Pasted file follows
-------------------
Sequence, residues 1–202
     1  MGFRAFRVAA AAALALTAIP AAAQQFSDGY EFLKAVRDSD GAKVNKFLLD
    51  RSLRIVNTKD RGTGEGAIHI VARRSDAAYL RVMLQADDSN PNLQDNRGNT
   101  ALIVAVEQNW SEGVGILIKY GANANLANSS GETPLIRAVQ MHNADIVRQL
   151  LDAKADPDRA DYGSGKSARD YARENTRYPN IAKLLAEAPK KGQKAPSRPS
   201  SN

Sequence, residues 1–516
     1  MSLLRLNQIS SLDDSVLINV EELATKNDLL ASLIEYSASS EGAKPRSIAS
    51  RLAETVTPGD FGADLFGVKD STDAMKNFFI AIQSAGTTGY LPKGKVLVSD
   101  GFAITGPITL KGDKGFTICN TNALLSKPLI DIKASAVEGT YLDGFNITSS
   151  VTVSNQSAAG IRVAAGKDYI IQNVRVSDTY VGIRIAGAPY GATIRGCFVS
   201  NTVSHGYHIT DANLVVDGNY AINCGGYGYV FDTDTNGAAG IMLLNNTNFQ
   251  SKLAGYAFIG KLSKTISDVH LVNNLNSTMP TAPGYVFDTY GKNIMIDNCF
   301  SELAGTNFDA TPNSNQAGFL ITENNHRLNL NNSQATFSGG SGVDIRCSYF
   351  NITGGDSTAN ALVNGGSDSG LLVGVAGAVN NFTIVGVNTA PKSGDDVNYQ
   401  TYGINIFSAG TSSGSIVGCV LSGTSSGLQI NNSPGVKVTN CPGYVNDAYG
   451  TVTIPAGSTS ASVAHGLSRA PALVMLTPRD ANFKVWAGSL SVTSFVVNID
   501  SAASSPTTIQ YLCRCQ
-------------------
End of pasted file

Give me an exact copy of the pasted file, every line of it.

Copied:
Sequence, residues 1–202
     1  MGFRAFRVAA AAALALTAIP AAAQQFSDGY EFLKAVRDSD GAKVNKFLLD
    51  RSLRIVNTKD RGTGEGAIHI VARRSDAAYL RVMLQADDSN PNLQDNRGNT
   101  ALIVAVEQNW SEGVGILIKY GANANLANSS GETPLIRAVQ MHNADIVRQL
   151  LDAKADPDRA DYGSGKSARD YARENTRYPN IAKLLAEAPK KGQKAPSRPS
   201  SN

Sequence, residues 1–516
     1  MSLLRLNQIS SLDDSVLINV EELATKNDLL ASLIEYSASS EGAKPRSIAS
    51  RLAETVTPGD FGADLFGVKD STDAMKNFFI AIQSAGTTGY LPKGKVLVSD
   101  GFAITGPITL KGDKGFTICN TNALLSKPLI DIKASAVEGT YLDGFNITSS
   151  VTVSNQSAAG IRVAAGKDYI IQNVRVSDTY VGIRIAGAPY GATIRGCFVS
   201  NTVSHGYHIT DANLVVDGNY AINCGGYGYV FDTDTNGAAG IMLLNNTNFQ
   251  SKLAGYAFIG KLSKTISDVH LVNNLNSTMP TAPGYVFDTY GKNIMIDNCF
   301  SELAGTNFDA TPNSNQAGFL ITENNHRLNL NNSQATFSGG SGVDIRCSYF
   351  NITGGDSTAN ALVNGGSDSG LLVGVAGAVN NFTIVGVNTA PKSGDDVNYQ
   401  TYGINIFSAG TSSGSIVGCV LSGTSSGLQI NNSPGVKVTN CPGYVNDAYG
   451  TVTIPAGSTS ASVAHGLSRA PALVMLTPRD ANFKVWAGSL SVTSFVVNID
   501  SAASSPTTIQ YLCRCQ